In Europe-Africa Group 1, Jerzy Janowicz leads Poland against Ricardas Berankis and Lithuania, The Polish team at home is much stronger all around and should advance. A veteran Austria team led by the Melzer brothers, Jurgen and Gerald, along with Andreas Haider-Maurer and new coach Stefan Koubek, are strong favorites against Sweden. The young gun Elias Ymer leads them, and he will have to perform some heroics if Sweden is to have a chance to get any wins outside of the doubles rubber. Martin Klizan, Lukas Lacko and Slovakia should win at home against Blaz Kavcic and Slovenia. Dudi Sela will need to perform at his best if Israel is to upset Romania on the road, with Romania having Marius Copil for singles and a strong doubles pairing with the top team of Florin Mergea and Horia Tecau.
Diving into group 2, Joao Sousa should assist Portugal in dispatching Morocco, Marsel Ilhan and Turkey are slight favorites at home on indoor hard against a South African team that does not have Kevin Anderson, and a young Chile team should be fun to watch on clay against Peru, as the home fans will get to see Nicolas Jarry, Gonzalo Lama, and most of all Christian Garin of the 1996 generation in action.
2015 ATP Rotterdam, Memphis, Sao Paulo Previews and Predictions Steen Kirby, Tennis Atlantic
The traditional Rotterdam 500 level indoor hard tournament takes place this week, along with the US indoor tournament in Memphis, and the clay court event in Sao Paulo, which got switched around on the calendar this year. Both of those tournaments are 250 level events. Here is a preview of all the action as indoor tennis heats up and the Golden Swing rolls on.
2015 ATP Rotterdam Preview
ABN AMRO World Tennis Tournament
ATP World Tour 500
Rotterdam, The Netherlands
February 9-February 15, 2015
Top 4 seeds (ATP ranking in parentheses)
1: Andy Murray (4)
2: Milos Raonic (6)
3: Tomas Berdych (7)
4: Stan Wawrinka (9)
A stacked field with 6 of the top 15, there are also a host of unseeded and lower seeded players who can play great on hard courts as Rotterdam has yet again attracted a fantastic field for a 500 level event.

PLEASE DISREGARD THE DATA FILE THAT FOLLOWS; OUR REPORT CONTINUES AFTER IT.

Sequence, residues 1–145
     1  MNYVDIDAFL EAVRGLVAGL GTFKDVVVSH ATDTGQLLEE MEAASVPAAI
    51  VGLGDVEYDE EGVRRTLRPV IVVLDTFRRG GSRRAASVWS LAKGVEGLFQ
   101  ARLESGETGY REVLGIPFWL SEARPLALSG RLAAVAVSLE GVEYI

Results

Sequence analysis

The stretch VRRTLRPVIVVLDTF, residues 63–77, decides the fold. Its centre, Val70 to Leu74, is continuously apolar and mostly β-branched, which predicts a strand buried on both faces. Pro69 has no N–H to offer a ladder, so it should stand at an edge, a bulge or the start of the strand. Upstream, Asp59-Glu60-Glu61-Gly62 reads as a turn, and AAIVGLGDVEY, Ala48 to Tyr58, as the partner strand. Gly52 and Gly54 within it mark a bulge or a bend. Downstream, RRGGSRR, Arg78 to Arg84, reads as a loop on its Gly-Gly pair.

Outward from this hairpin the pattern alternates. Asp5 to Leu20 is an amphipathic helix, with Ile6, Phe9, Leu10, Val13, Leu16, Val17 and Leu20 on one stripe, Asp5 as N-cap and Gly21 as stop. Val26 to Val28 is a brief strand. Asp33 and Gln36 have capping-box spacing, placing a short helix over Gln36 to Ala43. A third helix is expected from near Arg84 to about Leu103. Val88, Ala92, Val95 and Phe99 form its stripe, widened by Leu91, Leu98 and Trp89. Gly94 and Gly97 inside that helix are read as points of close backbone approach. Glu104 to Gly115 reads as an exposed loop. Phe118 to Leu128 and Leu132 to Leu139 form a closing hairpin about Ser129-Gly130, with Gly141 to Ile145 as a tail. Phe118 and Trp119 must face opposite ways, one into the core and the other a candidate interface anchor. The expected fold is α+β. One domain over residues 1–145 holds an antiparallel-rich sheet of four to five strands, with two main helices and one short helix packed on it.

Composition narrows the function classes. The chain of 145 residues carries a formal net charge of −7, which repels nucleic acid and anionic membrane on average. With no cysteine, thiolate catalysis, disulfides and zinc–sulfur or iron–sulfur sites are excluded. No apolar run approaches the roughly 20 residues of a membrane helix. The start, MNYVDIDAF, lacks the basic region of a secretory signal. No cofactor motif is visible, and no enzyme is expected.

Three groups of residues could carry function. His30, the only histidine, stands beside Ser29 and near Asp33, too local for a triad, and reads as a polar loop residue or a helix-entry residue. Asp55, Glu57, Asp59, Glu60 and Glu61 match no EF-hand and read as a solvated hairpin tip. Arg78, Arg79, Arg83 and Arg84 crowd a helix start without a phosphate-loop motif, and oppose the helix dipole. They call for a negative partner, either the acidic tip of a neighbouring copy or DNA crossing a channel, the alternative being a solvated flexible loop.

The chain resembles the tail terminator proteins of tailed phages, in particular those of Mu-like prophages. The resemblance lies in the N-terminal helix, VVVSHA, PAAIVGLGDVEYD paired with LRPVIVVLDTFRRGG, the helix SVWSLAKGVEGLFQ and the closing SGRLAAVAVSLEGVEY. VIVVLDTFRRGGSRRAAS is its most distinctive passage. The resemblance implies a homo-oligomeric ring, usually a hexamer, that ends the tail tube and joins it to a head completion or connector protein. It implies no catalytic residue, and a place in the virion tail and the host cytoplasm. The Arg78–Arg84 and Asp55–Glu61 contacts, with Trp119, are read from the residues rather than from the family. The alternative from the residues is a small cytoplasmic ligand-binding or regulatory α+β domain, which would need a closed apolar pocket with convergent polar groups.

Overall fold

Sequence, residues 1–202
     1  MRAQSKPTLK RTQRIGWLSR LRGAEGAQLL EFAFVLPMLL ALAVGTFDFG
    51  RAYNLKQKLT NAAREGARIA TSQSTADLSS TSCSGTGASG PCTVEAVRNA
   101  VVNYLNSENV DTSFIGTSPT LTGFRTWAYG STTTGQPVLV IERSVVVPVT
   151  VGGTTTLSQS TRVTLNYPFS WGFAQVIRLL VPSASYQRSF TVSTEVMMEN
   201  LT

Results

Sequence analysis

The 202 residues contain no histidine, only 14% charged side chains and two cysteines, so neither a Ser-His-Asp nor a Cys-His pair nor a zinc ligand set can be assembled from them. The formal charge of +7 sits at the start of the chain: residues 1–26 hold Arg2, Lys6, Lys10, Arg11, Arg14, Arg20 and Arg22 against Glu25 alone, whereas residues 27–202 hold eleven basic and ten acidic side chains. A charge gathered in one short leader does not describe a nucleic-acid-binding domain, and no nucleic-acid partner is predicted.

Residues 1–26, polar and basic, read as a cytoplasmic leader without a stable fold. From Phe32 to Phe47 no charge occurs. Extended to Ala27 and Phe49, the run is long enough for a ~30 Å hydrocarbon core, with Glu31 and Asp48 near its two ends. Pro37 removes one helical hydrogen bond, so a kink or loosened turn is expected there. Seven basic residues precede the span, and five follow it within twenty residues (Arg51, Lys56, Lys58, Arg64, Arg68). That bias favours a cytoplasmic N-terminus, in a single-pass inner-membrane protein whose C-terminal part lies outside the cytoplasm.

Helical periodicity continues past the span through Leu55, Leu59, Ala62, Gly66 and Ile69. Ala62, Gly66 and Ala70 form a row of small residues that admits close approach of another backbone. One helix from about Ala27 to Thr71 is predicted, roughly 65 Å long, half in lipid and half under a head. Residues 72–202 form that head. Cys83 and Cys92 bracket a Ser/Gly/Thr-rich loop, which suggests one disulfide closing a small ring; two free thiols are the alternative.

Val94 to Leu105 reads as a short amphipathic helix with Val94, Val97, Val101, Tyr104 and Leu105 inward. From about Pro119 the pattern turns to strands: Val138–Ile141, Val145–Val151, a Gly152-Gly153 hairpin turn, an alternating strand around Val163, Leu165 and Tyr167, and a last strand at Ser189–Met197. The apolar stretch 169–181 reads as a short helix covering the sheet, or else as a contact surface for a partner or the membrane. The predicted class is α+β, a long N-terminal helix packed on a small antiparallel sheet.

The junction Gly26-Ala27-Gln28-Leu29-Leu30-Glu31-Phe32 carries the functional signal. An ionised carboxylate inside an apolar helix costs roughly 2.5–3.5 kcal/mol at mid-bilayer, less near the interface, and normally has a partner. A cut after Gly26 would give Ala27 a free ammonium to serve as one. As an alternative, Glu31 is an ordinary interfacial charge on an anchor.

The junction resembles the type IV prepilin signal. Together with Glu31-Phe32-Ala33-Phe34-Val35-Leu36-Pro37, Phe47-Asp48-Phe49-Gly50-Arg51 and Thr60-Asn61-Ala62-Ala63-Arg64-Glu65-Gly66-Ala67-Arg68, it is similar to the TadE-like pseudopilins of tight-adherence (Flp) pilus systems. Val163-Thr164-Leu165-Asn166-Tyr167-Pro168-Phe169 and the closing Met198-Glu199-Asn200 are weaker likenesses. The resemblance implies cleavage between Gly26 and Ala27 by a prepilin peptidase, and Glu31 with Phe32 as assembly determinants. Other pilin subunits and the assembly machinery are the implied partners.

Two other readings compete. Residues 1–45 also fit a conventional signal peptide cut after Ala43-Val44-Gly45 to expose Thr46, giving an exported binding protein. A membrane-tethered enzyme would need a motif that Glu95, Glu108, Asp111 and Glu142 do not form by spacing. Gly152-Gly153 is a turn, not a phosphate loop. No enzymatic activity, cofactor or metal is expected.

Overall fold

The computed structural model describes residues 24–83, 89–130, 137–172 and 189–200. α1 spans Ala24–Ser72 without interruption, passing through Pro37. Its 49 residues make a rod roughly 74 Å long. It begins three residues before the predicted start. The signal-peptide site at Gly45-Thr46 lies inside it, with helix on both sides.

Vasek Pospisil vs. Philipp Kohlschreiber Pospisil hurt himself again in Australia, and he hasn’t performed as well historically indoors as he has on outdoor hard, but even still he’s a difficult opponent for the veteran Kohlschreiber in round 1. The German comes off a loss to Joao Sousa in Montpellier. He’s yet to win consecutive matches this season as his form has been up and down, that said Kohlschreiber should be the better performer indoors and having played more matches of late should help him advance to round 2.
(8)Gilles Simon vs. Joao Sousa Many would presume the Portugese number one Sousa is better on clay, but in fact he’s had some of his best career results on hard courts at the ATP level, and especially indoors. The veteran Simon comes off a loss to Jerzy Janowicz in the quarterfinals of Montpellier and has yet to do anything notable in 2015. Sousa faded against Janowicz in the semis of Montpellier and fatigue could well play a factor but he’s 5-3 in 2015, all on hard courts and none of his losses were poor, so I’m going with the upset and picking Sousa to reach R2.
(3)Tomas Berdych vs. Jerzy Janowicz The defending Champion has a difficult match scheduled in round 1, as you rarely see an early round match with both players in such great form. Berdych of course reached the semifinals at Australian Open with a notable win over Nadal, and before that he had reached the final of Doha by demolishing all opponents in his wake (including Richard Gasquet and Andreas Seppi). Janowicz is already showing signs of improvement in 2015, after a dismal 2014. He’s reached the final of Montpellier and he also reached the third round at the AO (notably beating Gael Monfils in 5). History favors Berdych though. The big hitting Czech is 3-0 in the h2h, including a win last year in Rotterdam over the big hitting Pole, and though all of those matches were tight three set encounters, Janowicz has fatigue working against him, and retired due to illness in Montpellier, while Berdych should be fresh, thus he should survive the upset alert.
(5)Grigor Dimitrov vs. (Q)Paul-Henri Mathieu
Dimitrov lost their only h2h meeting in straights (2012 Basel indoors) and he comes off quarterfinals in Melbourne. Mathieu, the mentally shaky veteran, beat Jurgen Melzer to qualify after pushing Philipp Kohlschreiber to 3 sets in Montpellier. Mathieu is a bit of an indoor hard court specialist these days, and it’s not an easy matchup for Dimitrov, I still expect him to advance but it could go three sets.
David Goffin vs. Gilles Muller Goffin, who hails from just over the border in Belgium, and is nearly playing in a home event, (like the Luxembourger Muller is a fellow Benelux), has yet to catch fire in 2015 after his rise in 2014 into a consistent ATP player. D Goff is just 3-3 in 2015 and has yet to beat a player with a top 50 ranking. Muller, who can do a lot of damage with his cracking serve indoors was shown the door by Ricardas Berankis in Zagreb in 3 sets after reaching the second week in Australia. Muller has kept himself busy thus far this year, having played every week on tour, but his gamestyle doesn’t lend himself to exhaustion, and with Goffin yet to put the pieces together this year, I’m going with an upset and have Muller into round 2. They have never met, and we’ll see if Goffin can keep his game under control under assault from Muller’s steady dose of serve and volleying.